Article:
“Lee’s film will inevitably draw comparisons to this summer’s other girls-gone-wild comedy, “Rough Night,” thanks to its similar subject matter and shared spirit, but “Girls Trip” benefits from a beefier storyline and better chemistry between its leads, though both are solid entries in the comedy sub-genre. Like “Rough Night,” the film follows a tight-knit group of pals from college who embark on one wild trip in the hopes of re-sparking their fading friendships, though “Girls Trip” leans more firmly into the emotional ties between its leading ladies, versus offing a male stripper within its first act and running with it.
That’s not to say that “Girls Trip” doesn’t offer up its fair share of raunchy comedy, and thanks to its two-hour-plus runtime, there’s more than enough time for heart-breaking reveals to exist next to jaw-dropping gags that run the gamut from scatological to possibly illegal.”
Matt Singer on War for the Planet of the Apes for Screencrush:
“This is a Planet of the Apes movie, perhaps the most soul-crushingly bleak franchise in the history of Hollywood, so maybe don’t expect a happy answer to that question — or a happy ending to Caesar’s story. But War for the Planet of the Apes, directed and co-written by Matt Reeves, offers some fleeting glimpses of hope amidst its bloodshed and brutality. Most of them can be found in the remarkable faces of its ape characters, which have grown so sophisticated that it’s sometimes hard to believe they aren’t real. Reeves films these characters in long, lingering extreme close-ups, letting us pore over their faces, and study their sad, soulful eyes. Much more often than not, there are no visible seams.”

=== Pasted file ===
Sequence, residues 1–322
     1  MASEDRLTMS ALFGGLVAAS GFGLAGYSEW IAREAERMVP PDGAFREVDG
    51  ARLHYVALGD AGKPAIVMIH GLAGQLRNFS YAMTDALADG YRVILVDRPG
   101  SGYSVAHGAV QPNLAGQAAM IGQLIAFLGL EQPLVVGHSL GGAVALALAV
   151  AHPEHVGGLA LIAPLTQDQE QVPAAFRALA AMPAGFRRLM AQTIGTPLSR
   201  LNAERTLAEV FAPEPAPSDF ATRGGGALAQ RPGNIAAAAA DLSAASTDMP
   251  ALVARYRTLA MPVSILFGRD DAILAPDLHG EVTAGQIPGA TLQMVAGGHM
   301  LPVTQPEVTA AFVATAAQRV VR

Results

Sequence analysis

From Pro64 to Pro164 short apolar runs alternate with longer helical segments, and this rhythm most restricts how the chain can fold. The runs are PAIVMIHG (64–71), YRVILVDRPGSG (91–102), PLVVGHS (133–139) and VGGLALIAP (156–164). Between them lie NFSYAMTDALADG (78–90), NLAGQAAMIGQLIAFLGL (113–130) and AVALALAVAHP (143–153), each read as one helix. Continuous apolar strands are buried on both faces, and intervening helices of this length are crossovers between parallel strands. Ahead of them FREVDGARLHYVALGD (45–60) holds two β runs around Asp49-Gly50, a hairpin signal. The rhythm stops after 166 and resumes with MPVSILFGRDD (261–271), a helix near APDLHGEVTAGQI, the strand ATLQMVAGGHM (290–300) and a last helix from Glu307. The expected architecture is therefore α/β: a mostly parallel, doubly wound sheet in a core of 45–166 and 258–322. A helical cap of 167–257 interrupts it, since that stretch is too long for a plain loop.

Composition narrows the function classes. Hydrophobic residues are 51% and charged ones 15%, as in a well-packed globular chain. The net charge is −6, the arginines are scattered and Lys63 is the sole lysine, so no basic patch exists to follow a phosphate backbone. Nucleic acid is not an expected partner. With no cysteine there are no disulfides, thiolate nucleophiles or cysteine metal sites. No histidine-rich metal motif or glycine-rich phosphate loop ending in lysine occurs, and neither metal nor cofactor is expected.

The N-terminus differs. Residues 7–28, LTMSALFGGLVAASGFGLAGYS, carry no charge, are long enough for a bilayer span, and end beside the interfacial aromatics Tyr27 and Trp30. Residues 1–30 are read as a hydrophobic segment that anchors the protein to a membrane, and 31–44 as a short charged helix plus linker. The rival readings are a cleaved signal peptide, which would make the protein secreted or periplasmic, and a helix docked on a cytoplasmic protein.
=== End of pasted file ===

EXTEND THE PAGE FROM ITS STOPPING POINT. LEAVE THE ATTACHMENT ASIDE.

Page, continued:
David Ehrlich on Valerian and the City of a Thousand Planets for IndieWire:
“Based on the Pierre Christin and Jean-Claude Mézières’ graphic novel series “Valérian and Laureline,” Besson’s latest brain-scrambler is exactly the movie you’d think might result from giving the director of “Lucy” the GDP of a small country and sending him into the stratosphere with complete creative control. In fact, it’s so unapologetically idiosyncratic that its hackneyed opening cue — David Bowie’s “Space Oddity” playing over the image of two spaceships docking in orbit — almost feels like a cheeky joke at the expense of our expectations. “This is the tedious, overly familiar shit you’ve seen a zillion times; now buckle up so we can warp into the future.” “